The World Bank has been very active at the Johannesburg summit. It launched its new World Development Report, a new initiative to review genetically modified food, and gimmicks such as corny messages on recycled toilet paper for the 60,000 delegates. The Bank has made statements about the need to reduce agricultural subsidies in the North which sound similar to those of some NGO campaigners.
The International Finance Corporation, the private sector arm of the Bank Group, has also produced a major report on sustainable business and has been active with the Business Council on Sustainable Development. Campaigners have, however, raised serious concerns about the human rights and environmental impacts of a planned oil pipeline involving IFC backing for BP in Turkey, accusing the IFC of hypocrisy.
Meanwhile protesters have condemned the World Bank’s role in water privatisation, contribution to food insecurity and to debt burdens, an Indian NGO has refused to participate in the review of genetically modified foods, a contact in Washington DC has described the GM review as merely “a job for Bob (Watson) until he retires”, and many others have raised concerns that the summit process has been taken over by the instruments and institutions of economic globalisation – the World Bank, IMF and WTO.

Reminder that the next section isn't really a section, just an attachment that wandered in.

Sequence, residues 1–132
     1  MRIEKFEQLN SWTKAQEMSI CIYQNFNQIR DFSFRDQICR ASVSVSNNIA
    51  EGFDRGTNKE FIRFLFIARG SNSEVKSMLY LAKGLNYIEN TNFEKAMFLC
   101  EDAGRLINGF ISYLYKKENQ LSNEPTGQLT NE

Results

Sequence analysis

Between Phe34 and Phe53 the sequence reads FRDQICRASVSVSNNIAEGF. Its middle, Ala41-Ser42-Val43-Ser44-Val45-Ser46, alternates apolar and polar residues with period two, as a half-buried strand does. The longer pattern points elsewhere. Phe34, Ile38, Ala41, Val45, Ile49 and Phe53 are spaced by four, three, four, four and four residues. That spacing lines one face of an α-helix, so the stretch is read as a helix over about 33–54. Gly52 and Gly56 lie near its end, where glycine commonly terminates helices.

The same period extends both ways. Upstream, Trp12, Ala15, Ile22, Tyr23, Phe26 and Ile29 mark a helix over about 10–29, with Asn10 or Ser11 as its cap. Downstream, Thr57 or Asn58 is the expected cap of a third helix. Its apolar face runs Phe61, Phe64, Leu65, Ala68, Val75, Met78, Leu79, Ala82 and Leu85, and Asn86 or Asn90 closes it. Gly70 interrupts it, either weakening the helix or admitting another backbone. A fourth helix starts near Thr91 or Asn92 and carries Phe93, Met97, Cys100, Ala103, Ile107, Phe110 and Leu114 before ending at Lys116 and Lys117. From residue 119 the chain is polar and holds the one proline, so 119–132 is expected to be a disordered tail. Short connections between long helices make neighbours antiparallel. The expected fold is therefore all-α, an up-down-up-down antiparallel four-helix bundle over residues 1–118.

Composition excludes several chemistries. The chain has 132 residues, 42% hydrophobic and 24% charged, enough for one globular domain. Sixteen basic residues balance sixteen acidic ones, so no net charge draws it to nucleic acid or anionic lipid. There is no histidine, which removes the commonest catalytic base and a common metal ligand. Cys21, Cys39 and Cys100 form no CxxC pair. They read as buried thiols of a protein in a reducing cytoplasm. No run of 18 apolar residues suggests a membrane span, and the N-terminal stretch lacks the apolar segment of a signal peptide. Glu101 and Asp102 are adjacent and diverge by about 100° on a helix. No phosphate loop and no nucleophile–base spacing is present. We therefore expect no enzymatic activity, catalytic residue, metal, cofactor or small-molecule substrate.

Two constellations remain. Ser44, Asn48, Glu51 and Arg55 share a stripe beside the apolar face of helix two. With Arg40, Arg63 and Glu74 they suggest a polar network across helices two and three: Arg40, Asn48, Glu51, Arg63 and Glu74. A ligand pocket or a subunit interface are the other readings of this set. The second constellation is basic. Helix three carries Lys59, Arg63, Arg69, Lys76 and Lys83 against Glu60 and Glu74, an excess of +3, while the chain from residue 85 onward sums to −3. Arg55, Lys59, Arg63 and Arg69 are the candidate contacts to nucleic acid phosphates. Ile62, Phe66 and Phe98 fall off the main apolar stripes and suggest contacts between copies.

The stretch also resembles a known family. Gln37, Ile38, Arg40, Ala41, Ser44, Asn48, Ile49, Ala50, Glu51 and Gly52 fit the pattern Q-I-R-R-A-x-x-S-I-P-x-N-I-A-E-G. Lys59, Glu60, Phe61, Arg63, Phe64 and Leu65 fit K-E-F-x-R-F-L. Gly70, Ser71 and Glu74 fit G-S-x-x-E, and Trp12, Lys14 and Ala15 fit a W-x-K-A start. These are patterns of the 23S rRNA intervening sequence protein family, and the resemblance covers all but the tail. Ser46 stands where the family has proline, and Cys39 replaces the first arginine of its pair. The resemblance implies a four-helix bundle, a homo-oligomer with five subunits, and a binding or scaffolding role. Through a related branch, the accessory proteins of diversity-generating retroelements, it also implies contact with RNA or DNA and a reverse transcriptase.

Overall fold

The Economist has questioned whether the World Bank has “turned Marxist”. But a new report from the Halifax Initiative and Friends of the Earth argues that “in the decade since Rio, the World Bank has launched numerous initiatives in response to intense criticism. Despite these, little has changed at the Bank except, perhaps, its capacity to manage criticism. The Bank has failed to seriously address many of the problems identified in Rio and Agenda 21, including the burden of external indebtedness, the social and environmental impacts of structural adjustment, the poverty of vulnerable groups, such as rural communities and women, and the need for sustainable livelihoods.”
Our forthcoming Bretton Woods Update, due out in mid-September, will contain more details and analysis on these issues. Meanwhile we are posting a set of links for people wanting to look at some of the coverage so far. We have grouped the links under the following issues:
Marketing the Earth. The World Bank and Sustainable Development, (report by Halifax Initiative and Friends of the Earth)
Protest statement (Ghanaian commentators)
World Bank Does a U-Turn (Sunday Times, Johannesburg)
Panel to review GM technologies (Reuters)
Halt GM crops (Friends of the Earth press release)
Statement on World Bank approach to land reform (National Land Committee South Africa)
Protest letter (National Land Committee South Africa)
Bechtel/ICSID dispute (Bretton Woods Project)
Water Privatisation “Harms Children” (South African Press Association)
Press release (CEE Bankwatch Network and others)
Human Rights Row over BP plan to lay Turkish pipeline (The Guardian)
Please email us to suggest other links we should feature or with your views on the World Bank at Johannesburg.